Illustration: Mourning for Keōpūolani
Mourning for Keōpūolani, sacred wife of Kamehameha I, at her passing in 1823 after an epidemic in Lāhaina. - Illustration: Stewart, C.S.(1828) Journal of a Residence in the Sandwich Islands

Read this article in ʻŌlelo Hawaiʻi. 

Epidemics are terrifying. We see this terror through the Covid-19 disease of this time – a true infectious disease. It is a worldwide pandemic. It is something our predecessors knew too well from the time Captain Cook arrived, namely, that epidemics were brought from foreign places. Therefore, it is not surprising that Hawaiʻi citizens would oppose visitors from coming to Hawaiʻi because the first patients of corona in Beloved Hawaiʻi were visitors or those locals who visited other foreign lands or “hotspots” of the virus.

Epidemics and pandemics are infectious diseases. Cook brought venereal disease to Hawaiʻi. It arrived in Kauaʻi and nine months later spread to Verdant Hawaiʻi Island. When Liholiho and Kamāmalu visited England they were stricken with the measles upon visiting an orphanage. Their sad deaths occured in 1824. Subsequently, from the end of 1848 to the first half of 1849, a wave of epidemics arrived: whooping cough, cholera and influenza. Approximately 10,000 people died. Levi Chamberlin wrote that in 1849 about half of the population had passed away and that “Greater was the number of the dead than the living.”

According to a missionary letter from Hilo, the measles arrived there on the Independence from Mazatlan, Mexico. Within two months it spread and infected the whole Hawaiian archipelago. The disease spread and wiped out entire villages and families. And, through contact tracing, a ship that arrived from California was identified as the one that brought whooping cough. Introduced in the same way was smallpox in 1853 and leprosy sometime before 1865, and the Bubonic Plague of 1900 although the latter was transmitted through fleas on rats.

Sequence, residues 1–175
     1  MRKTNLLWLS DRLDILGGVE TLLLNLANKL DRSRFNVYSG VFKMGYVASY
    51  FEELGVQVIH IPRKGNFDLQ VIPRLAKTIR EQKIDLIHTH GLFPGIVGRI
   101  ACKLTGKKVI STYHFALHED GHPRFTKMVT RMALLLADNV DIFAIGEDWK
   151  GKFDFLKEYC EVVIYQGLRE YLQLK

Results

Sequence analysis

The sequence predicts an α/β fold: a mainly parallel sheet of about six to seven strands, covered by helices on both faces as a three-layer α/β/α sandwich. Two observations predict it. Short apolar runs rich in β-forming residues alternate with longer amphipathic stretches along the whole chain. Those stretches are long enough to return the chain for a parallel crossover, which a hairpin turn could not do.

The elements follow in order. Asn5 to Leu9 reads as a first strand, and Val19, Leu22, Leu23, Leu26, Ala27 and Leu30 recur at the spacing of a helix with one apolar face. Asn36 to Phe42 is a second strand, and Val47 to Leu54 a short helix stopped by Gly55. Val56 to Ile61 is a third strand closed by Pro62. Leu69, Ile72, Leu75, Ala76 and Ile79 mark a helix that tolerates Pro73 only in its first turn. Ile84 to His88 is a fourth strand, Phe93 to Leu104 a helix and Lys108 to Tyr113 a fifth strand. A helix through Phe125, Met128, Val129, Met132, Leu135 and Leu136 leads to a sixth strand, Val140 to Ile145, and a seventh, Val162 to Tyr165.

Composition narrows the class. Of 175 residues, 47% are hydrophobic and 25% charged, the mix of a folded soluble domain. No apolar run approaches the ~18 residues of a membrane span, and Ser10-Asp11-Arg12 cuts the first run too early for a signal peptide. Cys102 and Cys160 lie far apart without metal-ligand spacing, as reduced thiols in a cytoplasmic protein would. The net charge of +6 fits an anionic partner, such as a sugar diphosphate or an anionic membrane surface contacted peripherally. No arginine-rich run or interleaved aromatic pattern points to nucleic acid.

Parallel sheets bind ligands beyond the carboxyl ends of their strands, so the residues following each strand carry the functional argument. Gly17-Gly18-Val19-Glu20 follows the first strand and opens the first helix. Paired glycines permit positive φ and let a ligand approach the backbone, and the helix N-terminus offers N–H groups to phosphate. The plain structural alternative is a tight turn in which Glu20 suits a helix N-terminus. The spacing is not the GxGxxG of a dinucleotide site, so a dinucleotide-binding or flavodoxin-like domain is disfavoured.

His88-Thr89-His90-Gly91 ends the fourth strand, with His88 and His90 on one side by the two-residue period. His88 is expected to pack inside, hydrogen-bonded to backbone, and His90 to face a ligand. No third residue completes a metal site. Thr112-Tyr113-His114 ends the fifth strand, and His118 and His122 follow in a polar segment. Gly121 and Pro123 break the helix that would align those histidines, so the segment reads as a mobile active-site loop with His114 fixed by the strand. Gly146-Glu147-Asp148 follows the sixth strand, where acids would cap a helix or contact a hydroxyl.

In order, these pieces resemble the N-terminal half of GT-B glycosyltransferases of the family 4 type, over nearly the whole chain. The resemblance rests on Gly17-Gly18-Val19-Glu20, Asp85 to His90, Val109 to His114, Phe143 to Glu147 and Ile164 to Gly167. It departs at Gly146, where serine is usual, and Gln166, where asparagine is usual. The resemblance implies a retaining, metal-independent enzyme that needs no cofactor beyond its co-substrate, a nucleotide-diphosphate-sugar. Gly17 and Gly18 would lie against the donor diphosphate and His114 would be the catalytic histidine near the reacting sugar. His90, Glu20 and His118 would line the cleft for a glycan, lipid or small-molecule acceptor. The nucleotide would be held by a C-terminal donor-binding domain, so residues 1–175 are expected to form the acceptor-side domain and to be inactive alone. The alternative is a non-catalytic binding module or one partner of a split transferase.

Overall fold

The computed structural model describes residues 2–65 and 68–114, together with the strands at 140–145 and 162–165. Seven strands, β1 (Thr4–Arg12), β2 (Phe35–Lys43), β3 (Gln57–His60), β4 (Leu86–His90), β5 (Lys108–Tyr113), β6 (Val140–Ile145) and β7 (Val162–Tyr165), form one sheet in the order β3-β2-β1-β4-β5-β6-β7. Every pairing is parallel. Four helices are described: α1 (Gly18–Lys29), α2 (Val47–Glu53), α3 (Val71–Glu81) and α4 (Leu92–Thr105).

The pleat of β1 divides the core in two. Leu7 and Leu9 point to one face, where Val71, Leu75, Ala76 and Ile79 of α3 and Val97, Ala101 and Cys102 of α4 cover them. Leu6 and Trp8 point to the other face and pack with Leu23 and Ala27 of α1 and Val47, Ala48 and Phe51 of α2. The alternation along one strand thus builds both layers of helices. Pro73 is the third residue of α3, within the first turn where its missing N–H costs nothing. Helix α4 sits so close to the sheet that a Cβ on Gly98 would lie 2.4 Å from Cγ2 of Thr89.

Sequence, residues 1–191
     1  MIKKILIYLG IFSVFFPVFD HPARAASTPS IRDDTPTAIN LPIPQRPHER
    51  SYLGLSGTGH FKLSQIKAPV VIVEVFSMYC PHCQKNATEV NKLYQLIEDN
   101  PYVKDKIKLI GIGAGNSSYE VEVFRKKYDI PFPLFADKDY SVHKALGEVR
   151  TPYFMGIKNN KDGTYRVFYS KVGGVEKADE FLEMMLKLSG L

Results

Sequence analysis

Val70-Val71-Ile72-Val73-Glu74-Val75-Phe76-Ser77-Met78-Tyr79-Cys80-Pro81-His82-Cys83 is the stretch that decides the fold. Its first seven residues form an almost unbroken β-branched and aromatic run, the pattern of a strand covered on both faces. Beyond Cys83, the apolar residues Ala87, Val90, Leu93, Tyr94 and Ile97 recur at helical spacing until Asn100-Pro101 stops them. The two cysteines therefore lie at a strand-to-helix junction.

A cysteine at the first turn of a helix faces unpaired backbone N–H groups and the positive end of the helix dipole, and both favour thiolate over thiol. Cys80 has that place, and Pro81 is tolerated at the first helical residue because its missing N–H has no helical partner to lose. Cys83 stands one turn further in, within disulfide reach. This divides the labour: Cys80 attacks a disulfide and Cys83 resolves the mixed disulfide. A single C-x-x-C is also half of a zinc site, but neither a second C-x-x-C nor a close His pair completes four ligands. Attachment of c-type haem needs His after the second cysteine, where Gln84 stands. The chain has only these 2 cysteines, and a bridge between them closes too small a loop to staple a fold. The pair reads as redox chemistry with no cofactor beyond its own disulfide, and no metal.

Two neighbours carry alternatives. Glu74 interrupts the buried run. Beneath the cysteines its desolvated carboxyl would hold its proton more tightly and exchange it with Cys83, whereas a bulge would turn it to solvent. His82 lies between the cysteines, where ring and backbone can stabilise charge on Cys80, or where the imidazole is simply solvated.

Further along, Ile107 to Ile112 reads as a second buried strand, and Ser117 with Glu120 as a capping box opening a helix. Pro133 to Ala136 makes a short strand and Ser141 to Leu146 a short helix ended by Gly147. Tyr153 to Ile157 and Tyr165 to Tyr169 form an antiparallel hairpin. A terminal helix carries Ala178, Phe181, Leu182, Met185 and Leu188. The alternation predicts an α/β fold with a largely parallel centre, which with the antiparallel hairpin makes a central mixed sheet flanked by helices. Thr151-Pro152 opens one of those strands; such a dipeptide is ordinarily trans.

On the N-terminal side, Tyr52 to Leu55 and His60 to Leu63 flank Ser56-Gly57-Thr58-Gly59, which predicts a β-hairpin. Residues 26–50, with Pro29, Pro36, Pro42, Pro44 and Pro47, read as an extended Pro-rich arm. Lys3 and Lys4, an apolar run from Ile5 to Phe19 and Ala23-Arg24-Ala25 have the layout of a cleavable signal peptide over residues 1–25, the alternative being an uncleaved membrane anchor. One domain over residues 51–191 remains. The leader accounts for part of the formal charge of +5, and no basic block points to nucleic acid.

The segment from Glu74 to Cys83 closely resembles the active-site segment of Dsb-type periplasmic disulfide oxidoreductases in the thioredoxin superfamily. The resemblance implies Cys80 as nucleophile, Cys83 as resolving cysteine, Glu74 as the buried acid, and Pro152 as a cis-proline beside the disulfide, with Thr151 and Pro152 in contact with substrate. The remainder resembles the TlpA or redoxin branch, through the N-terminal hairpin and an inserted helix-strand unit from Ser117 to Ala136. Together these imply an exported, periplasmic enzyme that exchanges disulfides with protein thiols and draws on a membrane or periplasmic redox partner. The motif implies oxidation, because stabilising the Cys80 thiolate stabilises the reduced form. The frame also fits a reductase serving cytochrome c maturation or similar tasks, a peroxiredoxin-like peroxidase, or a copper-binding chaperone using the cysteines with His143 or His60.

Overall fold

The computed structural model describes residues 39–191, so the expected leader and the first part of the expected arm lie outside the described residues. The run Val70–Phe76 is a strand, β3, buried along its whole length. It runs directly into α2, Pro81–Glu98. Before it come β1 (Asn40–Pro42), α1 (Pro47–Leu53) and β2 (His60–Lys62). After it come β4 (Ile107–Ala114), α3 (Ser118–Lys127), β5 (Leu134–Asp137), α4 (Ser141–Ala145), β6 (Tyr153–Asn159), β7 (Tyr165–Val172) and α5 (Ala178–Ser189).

Papa ʻōlelo

  • keiki makuaʻole – orphan
  • hoʻomeheu (o nā) kānaka kaʻa launa – contact tracing
  • maʻi ahulau – epidemic
  • maʻi kalea – whopping cough
  • maʻi kolela – cholera
  • maʻi laulā a puni ka honua – pandemic
  • maʻi lēpela – leprosy
  • maʻi moe kōlohe – venereal disease
  • maʻi puʻupuʻu liʻiliʻi – smallpox
  • maʻi ʻula – measles
  • maʻi piwa ʻeleʻele – black plague/bubonic plague

One of the worst pandemics in Hawaiʻi was the Spanish Flu (la grippe) of 1918. It arrived at Schofield military base and spread throughout Oʻahu. The Spanish Flu first appeared in America in Kansas and arrived in Hawaiʻi and elsewhere throughout the world through the deployment of troops to Europe during World War I. The response from the leaders of the Territory of Hawaiʻi was to not even look towards the consequences of the disease in Hawaiʻi. They ignored, stalled and did not adequately prepare. As a result, more than 2,000 lives were lost. Therefore, the lessons of the past are known. The spear of wisdom will defend Hawaiʻi.